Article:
Imagine feeling full after a meal without eating nearly as much as you did before — and losing a lot of weight in the process. That is the goal of gastric sleeve, one of the leading types of bariatric or weight-loss surgeries today.
“Gastric sleeve is a minimally invasive procedure that restricts the volume of food one can eat and decreases appetite,” says Mark Takata, MD, a bariatric surgeon at Scripps Clinic. “It is a very powerful weight-loss tool.”
Gastric sleeve is not for everybody who is overweight, but if you’re severely obese with another medical condition that could be improved if you lost the excess weight, you may be a candidate for this life-altering procedure.
You’ll need to learn the risks and benefits before proceeding. If you’re eligible, there are many health benefits to consider that could outweigh any of the potential side effects.
Gastric sleeve — also known as laparoscopic sleeve gastrectomy — helps patients lose weight by removing approximately 80 percent of their stomach using minimally invasive surgical techniques.
In gastric sleeve, a bariatric surgeon makes several incisions in the abdomen and inserts a laparoscope — an instrument with a tiny camera that sends pictures to a monitor — and other medical instruments needed to perform the surgery.
The surgeon removes a large portion of the stomach and creates a new one with the remaining portion — which is formed into a sleeve-shaped tube. The resulting smaller stomach can hold only two ounces of food at any given time, compared to the average stomach, which can hold up to two quarts.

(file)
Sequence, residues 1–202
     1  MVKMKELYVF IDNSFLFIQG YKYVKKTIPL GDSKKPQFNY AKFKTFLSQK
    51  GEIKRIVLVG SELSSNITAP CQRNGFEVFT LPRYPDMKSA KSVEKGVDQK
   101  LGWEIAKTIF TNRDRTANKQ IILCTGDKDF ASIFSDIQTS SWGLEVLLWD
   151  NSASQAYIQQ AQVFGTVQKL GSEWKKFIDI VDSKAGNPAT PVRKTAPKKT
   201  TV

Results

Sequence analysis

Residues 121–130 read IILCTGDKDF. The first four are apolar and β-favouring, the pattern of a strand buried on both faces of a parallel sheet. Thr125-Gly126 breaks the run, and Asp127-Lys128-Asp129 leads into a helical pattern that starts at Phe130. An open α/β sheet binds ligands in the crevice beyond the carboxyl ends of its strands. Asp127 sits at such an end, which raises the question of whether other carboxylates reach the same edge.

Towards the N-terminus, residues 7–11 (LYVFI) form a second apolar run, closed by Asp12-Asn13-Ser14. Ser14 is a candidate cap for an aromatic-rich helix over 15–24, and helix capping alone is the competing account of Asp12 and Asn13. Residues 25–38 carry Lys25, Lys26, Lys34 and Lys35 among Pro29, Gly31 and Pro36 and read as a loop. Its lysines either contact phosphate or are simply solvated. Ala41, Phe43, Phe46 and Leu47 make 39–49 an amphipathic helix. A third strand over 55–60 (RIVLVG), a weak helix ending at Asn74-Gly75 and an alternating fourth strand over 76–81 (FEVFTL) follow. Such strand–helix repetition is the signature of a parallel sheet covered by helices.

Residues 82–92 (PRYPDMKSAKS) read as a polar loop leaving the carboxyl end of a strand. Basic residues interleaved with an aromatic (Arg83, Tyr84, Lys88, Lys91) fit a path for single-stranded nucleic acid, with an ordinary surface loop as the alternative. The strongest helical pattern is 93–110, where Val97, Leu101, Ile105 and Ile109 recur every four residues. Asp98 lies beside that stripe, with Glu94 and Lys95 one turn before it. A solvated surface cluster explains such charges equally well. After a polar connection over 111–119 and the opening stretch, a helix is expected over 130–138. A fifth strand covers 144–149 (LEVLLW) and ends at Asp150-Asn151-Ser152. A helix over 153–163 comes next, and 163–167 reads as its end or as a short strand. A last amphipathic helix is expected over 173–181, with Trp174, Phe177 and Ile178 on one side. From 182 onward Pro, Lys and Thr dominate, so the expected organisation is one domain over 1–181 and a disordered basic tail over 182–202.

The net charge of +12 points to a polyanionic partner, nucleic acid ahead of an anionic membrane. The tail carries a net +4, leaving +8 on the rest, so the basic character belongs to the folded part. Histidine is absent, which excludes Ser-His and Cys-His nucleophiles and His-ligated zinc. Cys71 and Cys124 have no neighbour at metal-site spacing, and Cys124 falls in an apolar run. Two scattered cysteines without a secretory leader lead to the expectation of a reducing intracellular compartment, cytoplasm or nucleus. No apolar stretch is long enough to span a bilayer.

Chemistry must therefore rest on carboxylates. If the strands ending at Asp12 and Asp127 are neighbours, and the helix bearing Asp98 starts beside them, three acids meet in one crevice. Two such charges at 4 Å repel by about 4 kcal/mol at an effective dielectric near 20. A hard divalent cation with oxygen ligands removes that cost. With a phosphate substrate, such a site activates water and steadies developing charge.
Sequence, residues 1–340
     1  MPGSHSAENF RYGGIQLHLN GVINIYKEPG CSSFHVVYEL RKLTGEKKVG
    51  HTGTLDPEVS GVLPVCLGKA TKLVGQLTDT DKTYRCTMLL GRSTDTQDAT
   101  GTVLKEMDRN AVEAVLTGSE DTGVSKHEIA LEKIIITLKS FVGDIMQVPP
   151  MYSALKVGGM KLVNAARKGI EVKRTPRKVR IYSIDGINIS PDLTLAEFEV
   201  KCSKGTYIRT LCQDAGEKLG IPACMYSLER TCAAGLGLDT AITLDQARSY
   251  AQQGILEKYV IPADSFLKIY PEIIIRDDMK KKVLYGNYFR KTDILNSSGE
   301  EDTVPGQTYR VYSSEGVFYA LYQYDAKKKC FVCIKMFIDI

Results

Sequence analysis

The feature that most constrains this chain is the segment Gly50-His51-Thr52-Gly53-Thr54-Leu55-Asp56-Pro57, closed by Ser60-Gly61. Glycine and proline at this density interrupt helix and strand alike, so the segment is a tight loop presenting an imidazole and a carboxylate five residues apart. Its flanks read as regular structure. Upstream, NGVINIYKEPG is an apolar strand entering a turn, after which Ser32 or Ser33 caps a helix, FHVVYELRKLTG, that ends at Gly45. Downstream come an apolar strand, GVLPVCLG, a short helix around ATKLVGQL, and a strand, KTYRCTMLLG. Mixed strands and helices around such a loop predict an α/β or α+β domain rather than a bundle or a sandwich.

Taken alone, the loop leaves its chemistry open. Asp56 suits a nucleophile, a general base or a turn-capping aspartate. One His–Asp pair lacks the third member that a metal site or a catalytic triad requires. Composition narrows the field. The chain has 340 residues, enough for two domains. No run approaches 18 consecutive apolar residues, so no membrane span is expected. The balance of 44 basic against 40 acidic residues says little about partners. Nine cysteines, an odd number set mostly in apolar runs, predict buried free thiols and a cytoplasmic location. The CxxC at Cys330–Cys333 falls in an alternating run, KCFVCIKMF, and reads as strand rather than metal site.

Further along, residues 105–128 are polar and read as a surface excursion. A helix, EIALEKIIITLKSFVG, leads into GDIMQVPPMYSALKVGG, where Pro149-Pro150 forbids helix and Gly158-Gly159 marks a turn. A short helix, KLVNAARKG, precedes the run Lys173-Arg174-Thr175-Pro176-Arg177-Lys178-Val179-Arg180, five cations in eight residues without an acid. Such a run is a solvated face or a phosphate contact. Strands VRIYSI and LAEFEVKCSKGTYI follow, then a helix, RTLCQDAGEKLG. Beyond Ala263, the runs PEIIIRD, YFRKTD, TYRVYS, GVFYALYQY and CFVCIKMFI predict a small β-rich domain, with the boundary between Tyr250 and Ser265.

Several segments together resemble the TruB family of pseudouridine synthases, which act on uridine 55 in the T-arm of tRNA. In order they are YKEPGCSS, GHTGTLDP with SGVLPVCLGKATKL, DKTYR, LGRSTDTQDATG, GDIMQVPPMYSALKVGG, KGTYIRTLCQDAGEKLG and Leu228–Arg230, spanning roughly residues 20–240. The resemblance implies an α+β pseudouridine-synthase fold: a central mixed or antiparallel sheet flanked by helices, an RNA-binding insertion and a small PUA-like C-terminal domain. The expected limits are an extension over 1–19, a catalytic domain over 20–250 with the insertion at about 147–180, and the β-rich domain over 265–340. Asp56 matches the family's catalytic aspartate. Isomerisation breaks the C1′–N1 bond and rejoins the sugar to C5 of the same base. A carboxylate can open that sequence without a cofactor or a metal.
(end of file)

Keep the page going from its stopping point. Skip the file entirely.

With gastric sleeve, two things are at work. The first is oral restriction. With a much smaller stomach, there is much less room to receive food. As a result, patients are not able to eat as much food as they did before.
The second is a physiologically diminished appetite. Removing most of the stomach produces chemical changes in the body that decrease appetite. Specific hormones — ghrelin and leptin — control appetite and energy balance and have a profound link to obesity. “By removing the portion of the stomach that produces these hormones, gastric sleeve alters the hormonal balance and dramatically diminishes appetite,” Dr. Takata explains.
To be a good candidate for bariatric surgery, you must:
- Have a body mass index (BMI) of 40 or more (100 pounds over your recommended weight)
- Have a BMI between 35 and 39.9 and a serious obesity-related health problem, such as Type 2 diabetes, coronary heart disease or severe sleep apnea
“These are generally patients who’ve been unable to bring down their weight by other means,” Dr. Takata says.
Generally, in the first six months to one year after surgery, about two-thirds of all the excess weight will be lost, if patients follow these guidelines:
- Exercise at least one hour, four days a week
- Limit snacking to two to three times per day most days of the week
- Maintain adequate protein intake
- Avoid high-calorie, high-sugar drinks
As with any surgery, there are potential risks involved, such as infection, which is why it’s crucial for patients to stay in contact with your health care providers before and after the procedure.
“After surgery, the patient must follow a strict diet that enables the body to recover and get used to a smaller stomach," says Dr. Takata.
Thereafter, the patient must transition into a lifetime of healthy eating.
“Gastric sleeve surgery requires a commitment to living a healthier lifestyle,” Dr. Takata says.